Heaven & Hell/Radio City Music Hall: Live

One of the roadies interviewed in the DVD extras puts it best: Tommy Iommi and Geezer Butler, the guitarist and bassist for Black Sabbath, are the “Thomas Edisons of Heavy Metal.” This excellent live concert is a testament to the power the two can put out in the show, especially when combined with the pounding drumming of Vinny Appice and the vocal growl of Ronnie James Dio. Dont expect to hear any old Sabbath songs; that era is in the past. But the music Heaven and Hell made on their own albums is powerful enough so you won’t miss anything else. The extras, particularly the video of what it takes to get a show this big on the stage in the first place, are a lot of fun.

Sunday, May 22, 2011

The Fortunes and Misfortunes of Moll Flanders

Best known for playing the part of Dr. Elizabeth Corday on the hit series E.R., Alex Kingston shows her true range as an actress by taking on the role of the classic literary character Moll Flanders and simply scorching her way through every scene. Based on the novel by Daniel Defoe, it’s the story of a woman making her way in the world by any means necessary, and if that way turns out to be pleasurable in a way that most folks of her time think blasphemous, so bit it. Daniel Craig makes a nice appearance as the love of Moll’s life, but it is Kingston’s mesmerizing performance that makes the movie so great. As an added bonus, this set comes with the best DVD extra ever: the complete text of the original novel.

Saturday, May 21, 2011

Something Wild

The on-screen energy that director Jonathan Demme captures in this quirky love story is almost palpable. Jeff Daniels stars as a buttoned-down office geek who goes off on the adventure of a lifetime when he runs into a wild woman named Lulu, played by Melanie Griffith. What stars as a fun bit of frivolity turns dangerously weird when Lulu’s fresh- from-prison husband (a truly menacing Ray Liotta) shows up to reclaim the women he left behind when he was put away three years ago. Romantic comedies are a dime a dozen; a film that successfully mixes romance with danger, however, is a rare find.

Friday, May 20, 2011

The Trench

Set in a cramped World War I trench on the eve of the battle of the Somme — the single biggest defeat the English army ever suffered — this fascinating film gives viewers a chance to see what life was like for men whose entire existence, beyond their memories of the life they left behind and hoped one day to return to, was contained between two high mud walls. Writer/director William Boyd does a masterful job of pacing the film, giving each actor enough screen time to develop a believable character we can care for, which makes the final scenes of the film incredibly powerful.

Thursday, May 19, 2011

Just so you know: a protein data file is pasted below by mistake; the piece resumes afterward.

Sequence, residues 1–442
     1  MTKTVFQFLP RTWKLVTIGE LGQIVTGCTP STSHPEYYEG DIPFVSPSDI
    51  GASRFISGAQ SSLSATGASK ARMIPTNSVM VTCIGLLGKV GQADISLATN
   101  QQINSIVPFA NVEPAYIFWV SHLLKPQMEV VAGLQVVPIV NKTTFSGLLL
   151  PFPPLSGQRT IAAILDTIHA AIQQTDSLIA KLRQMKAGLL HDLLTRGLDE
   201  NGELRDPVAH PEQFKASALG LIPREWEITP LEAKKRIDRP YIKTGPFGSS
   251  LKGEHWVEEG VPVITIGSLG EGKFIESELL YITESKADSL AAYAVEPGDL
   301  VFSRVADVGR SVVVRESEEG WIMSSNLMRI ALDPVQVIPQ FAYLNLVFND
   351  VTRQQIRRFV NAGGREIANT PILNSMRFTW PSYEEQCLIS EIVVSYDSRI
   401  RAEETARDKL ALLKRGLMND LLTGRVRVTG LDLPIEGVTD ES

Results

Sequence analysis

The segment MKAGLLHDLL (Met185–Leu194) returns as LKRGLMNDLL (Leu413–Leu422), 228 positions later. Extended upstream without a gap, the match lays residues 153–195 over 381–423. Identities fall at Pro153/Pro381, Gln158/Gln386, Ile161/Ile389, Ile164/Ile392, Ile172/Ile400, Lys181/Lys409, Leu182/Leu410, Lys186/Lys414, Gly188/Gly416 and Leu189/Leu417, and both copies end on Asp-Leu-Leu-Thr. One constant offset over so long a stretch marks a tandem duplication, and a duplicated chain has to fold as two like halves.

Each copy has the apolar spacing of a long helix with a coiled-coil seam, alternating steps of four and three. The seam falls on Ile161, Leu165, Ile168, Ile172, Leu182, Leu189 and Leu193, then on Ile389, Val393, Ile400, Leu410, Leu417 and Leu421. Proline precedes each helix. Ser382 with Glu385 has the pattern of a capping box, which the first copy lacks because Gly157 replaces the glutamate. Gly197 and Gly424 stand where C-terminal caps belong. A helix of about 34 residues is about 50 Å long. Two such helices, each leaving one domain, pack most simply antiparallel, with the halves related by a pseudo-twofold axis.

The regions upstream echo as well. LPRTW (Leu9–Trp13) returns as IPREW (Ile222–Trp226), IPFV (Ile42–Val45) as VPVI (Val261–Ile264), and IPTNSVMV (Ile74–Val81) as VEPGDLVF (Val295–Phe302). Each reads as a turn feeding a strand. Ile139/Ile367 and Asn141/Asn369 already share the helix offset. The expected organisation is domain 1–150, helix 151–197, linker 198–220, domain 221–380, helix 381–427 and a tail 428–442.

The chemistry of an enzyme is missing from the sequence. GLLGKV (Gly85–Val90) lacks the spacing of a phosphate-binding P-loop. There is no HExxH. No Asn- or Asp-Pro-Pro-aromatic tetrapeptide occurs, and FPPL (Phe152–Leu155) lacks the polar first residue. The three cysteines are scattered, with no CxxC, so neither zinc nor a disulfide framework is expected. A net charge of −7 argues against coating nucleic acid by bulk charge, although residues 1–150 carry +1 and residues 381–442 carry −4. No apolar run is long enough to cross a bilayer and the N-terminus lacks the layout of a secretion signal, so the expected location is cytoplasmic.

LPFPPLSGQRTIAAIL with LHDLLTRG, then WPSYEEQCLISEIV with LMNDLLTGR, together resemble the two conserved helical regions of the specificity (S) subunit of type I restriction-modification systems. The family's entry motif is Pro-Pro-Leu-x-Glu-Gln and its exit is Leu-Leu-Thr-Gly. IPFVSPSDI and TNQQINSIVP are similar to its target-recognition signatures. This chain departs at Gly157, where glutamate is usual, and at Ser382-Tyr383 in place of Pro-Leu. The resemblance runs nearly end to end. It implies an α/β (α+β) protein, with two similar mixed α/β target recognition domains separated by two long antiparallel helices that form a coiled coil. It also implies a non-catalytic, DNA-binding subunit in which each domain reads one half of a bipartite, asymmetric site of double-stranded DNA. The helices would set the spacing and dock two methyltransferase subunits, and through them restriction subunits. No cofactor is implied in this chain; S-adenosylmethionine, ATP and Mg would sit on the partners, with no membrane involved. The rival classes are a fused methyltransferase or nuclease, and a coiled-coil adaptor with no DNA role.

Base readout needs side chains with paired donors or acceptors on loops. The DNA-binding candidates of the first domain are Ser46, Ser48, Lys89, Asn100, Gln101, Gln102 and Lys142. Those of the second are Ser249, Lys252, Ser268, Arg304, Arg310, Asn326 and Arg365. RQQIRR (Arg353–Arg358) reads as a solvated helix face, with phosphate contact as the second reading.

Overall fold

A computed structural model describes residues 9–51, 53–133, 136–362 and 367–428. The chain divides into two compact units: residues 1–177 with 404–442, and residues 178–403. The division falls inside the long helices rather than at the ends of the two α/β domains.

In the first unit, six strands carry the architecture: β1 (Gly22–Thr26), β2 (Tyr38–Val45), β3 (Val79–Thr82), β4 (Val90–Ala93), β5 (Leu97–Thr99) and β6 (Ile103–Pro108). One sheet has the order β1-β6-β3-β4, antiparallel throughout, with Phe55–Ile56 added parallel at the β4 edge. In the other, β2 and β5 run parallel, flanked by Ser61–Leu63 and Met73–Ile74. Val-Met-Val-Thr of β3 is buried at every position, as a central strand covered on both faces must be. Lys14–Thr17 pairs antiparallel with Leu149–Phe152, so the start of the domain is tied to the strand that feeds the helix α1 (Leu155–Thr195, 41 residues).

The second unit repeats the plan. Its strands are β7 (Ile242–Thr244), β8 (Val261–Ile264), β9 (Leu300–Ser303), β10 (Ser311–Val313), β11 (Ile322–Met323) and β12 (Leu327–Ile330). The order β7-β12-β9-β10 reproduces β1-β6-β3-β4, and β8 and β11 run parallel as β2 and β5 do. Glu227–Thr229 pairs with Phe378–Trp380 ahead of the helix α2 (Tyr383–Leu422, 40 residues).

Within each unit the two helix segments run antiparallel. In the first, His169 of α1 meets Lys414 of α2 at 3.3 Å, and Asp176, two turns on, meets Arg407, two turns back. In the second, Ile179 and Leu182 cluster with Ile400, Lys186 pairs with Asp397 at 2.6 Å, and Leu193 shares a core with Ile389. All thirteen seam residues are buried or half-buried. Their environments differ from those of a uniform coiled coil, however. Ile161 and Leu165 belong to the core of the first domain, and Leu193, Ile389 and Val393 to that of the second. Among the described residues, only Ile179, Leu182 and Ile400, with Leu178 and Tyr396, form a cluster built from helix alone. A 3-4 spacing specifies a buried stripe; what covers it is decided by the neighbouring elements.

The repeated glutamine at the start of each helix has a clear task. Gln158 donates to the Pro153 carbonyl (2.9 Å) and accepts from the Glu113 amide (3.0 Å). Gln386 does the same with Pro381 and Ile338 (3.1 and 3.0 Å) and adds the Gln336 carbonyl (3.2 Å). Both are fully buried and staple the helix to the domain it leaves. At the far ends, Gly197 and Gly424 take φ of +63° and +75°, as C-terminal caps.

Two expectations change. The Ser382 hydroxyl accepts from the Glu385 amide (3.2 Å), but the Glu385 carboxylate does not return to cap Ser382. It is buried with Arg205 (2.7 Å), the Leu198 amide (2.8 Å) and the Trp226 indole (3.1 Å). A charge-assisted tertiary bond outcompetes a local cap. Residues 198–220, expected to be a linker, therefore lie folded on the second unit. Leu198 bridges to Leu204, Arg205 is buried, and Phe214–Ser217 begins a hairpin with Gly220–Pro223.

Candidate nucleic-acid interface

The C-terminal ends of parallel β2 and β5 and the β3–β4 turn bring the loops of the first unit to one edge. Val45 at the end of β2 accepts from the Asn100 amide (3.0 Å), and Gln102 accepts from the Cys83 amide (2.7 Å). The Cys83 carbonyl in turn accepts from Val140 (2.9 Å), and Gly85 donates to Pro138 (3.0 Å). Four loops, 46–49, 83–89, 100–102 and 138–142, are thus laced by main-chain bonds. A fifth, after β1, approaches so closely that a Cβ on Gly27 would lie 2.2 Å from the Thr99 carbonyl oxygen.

Dahmer Vs Gacy

As part of an experiment to build the perfect soldier in his lab, a mad scientist starts cloning the world’s greatest serial killers to serve as a template for a new kind of killing machine. The experiment goes horribly wrong when a fire in the lab cause the security precautions to fail just long enough for a Jeffrey Dahmer clone and a John Wayne Gacy clone to escape. Naturally, they pick up where their careers left off and the body count skyrockets. It’s more silly than scary, but that doesn’t mean it’s not entertaining as hell.

Wednesday, May 18, 2011

Shingu: Secret of the Stellar Wars

Adjusting to a new school is always difficult, but when you discover that your fellow students (and most of the people in your new hometown) are part of a special organization dedicated to protecting the earth from an alien invasion things can get pretty weird, pretty fast. Student Hajime Murata eventually learns to accept his new freinds and their hidden talents, even when it leads him on a personal journey of discovery that could save — or destroy — the world. The story is obviously aimed at a young teenage audience who can relate to the high school hijinks and heartbreaks that make up the bulk of the episodes, but the overall story in interesting enough (and the art work strong enough) to keep all but the most jaded anime fans interested.

Tuesday, May 17, 2011

A Royal Romance

Don’t let the cover fool you. This is not a DVD of the Marriage of the Century between Prince William and Kate Middleton. It’s actually a British TV documentary primarily of the Prince with a few narrative tweaks added in the voice over to update the story in time to cash in on the feeding frenzy for everything William & Kate. But so what? It’s actually well made and gives audiences a balanced look at just who the man destined to be the next King of England really is, without delving too deep into unwarranted praise or malicious gossip. You can’t help liking the guy when its over.

Monday, May 16, 2011

Poor Pretty Eddie

There’s almost no way to describe what happens in the 70s ‘hicksploitation’ classic. It just has to be seen, but only if you enjoy movies that are so bad they’re good, or found yourself smiling at the idea of there actually being a genre of film called ‘hicksploitation.’ The movie stars Leslie Uggams (Roots) as Liz Weatherly, a bratty pop singer trying to get away from the demands of her career by taking a road trip in her white Rolls Royce. When the car breaks down in the middle of nowhere, Liz finds herself the center of some very weird and unwanted attention from the locals. Love it or hate it, you’ll never forget it.